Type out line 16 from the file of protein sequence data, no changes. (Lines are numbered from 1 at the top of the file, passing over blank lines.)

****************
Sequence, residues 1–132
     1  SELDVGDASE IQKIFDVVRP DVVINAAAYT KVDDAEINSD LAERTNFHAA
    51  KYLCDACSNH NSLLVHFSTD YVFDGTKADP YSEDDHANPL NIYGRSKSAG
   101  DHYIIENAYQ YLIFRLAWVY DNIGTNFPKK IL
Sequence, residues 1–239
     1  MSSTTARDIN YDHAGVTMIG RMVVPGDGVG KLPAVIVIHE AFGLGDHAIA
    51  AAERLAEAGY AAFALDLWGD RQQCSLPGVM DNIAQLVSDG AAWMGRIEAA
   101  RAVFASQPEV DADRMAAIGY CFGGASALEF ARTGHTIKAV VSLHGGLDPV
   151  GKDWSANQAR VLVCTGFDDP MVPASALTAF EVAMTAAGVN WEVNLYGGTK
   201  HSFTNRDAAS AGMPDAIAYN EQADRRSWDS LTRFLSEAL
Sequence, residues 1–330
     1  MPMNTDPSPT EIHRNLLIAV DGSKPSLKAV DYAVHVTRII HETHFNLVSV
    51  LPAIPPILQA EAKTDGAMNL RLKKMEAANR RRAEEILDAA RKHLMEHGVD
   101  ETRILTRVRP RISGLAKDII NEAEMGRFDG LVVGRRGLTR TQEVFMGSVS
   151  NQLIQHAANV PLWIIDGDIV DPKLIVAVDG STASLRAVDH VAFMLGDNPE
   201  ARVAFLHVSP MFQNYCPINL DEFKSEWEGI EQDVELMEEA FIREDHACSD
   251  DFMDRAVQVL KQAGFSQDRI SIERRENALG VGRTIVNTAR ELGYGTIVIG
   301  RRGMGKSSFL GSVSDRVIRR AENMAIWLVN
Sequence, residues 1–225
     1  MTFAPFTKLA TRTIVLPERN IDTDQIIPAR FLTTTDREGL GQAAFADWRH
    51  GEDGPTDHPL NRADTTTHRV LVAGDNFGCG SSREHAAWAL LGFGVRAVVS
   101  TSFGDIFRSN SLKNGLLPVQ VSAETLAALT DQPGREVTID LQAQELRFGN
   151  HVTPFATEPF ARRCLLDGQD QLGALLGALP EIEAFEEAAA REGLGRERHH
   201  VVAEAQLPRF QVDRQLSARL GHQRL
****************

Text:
   201  ARVAFLHVSP MFQNYCPINL DEFKSEWEGI EQDVELMEEA FIREDHACSD